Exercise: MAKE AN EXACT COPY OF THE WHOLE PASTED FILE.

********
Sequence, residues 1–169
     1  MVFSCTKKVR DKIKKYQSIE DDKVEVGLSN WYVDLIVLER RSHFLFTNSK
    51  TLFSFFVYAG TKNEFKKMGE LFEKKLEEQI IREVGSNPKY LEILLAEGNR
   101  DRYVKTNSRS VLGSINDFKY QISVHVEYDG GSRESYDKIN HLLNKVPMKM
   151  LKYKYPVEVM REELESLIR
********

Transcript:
Sequence, residues 1–169
     1  MVFSCTKKVR DKIKKYQSIE DDKVEVGLSN WYVDLIVLER RSHFLFTNSK
    51  TLFSFFVYAG TKNEFKKMGE LFEKKLEEQI IREVGSNPKY LEILLAEGNR
   101  DRYVKTNSRS VLGSINDFKY QISVHVEYDG GSRESYDKIN HLLNKVPMKM
   151  LKYKYPVEVM REELESLIR